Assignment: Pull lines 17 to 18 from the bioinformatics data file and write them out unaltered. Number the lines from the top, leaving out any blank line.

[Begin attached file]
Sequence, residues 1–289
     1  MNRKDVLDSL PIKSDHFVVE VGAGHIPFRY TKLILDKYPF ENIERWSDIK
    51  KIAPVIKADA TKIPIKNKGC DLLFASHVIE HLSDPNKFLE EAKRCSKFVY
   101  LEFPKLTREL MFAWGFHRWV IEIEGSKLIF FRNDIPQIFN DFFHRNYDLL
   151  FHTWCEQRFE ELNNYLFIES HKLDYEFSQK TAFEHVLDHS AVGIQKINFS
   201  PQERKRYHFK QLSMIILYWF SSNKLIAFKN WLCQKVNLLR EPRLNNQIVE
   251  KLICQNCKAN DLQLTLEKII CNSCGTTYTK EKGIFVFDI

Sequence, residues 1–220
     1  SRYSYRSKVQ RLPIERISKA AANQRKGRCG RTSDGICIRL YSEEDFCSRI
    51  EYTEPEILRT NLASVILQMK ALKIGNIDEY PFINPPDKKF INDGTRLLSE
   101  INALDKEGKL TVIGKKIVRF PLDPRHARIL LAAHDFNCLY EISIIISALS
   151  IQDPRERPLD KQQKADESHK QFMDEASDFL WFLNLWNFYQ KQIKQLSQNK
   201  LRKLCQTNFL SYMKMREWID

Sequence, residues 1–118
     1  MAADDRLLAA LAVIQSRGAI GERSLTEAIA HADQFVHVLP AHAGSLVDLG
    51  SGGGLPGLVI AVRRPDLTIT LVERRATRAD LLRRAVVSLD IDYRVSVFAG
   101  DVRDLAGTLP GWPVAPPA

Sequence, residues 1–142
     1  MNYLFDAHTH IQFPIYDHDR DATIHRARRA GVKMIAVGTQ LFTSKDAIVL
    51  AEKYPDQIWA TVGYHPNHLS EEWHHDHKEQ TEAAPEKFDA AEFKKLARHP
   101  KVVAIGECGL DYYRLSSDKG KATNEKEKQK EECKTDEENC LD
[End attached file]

   101  DVRDLAGTLP GWPVAPPA

Sequence, residues 1–142